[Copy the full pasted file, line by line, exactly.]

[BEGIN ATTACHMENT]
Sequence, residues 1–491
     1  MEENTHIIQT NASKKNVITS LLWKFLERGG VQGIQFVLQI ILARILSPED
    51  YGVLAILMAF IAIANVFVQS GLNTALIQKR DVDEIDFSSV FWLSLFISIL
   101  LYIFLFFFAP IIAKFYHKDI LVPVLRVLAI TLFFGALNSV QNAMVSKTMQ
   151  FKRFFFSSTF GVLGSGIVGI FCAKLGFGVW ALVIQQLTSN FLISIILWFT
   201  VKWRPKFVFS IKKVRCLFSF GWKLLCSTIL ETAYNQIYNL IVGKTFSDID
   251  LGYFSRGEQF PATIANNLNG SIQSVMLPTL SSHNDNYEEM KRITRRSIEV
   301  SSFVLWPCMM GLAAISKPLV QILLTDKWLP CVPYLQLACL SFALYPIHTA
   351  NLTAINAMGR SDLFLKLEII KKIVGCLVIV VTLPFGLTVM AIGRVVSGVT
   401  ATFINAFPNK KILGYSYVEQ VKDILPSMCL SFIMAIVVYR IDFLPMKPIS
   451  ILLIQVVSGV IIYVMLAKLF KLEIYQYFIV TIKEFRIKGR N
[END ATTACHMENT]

Sequence, residues 1–491
     1  MEENTHIIQT NASKKNVITS LLWKFLERGG VQGIQFVLQI ILARILSPED
    51  YGVLAILMAF IAIANVFVQS GLNTALIQKR DVDEIDFSSV FWLSLFISIL
   101  LYIFLFFFAP IIAKFYHKDI LVPVLRVLAI TLFFGALNSV QNAMVSKTMQ
   151  FKRFFFSSTF GVLGSGIVGI FCAKLGFGVW ALVIQQLTSN FLISIILWFT
   201  VKWRPKFVFS IKKVRCLFSF GWKLLCSTIL ETAYNQIYNL IVGKTFSDID
   251  LGYFSRGEQF PATIANNLNG SIQSVMLPTL SSHNDNYEEM KRITRRSIEV
   301  SSFVLWPCMM GLAAISKPLV QILLTDKWLP CVPYLQLACL SFALYPIHTA
   351  NLTAINAMGR SDLFLKLEII KKIVGCLVIV VTLPFGLTVM AIGRVVSGVT
   401  ATFINAFPNK KILGYSYVEQ VKDILPSMCL SFIMAIVVYR IDFLPMKPIS
   451  ILLIQVVSGV IIYVMLAKLF KLEIYQYFIV TIKEFRIKGR N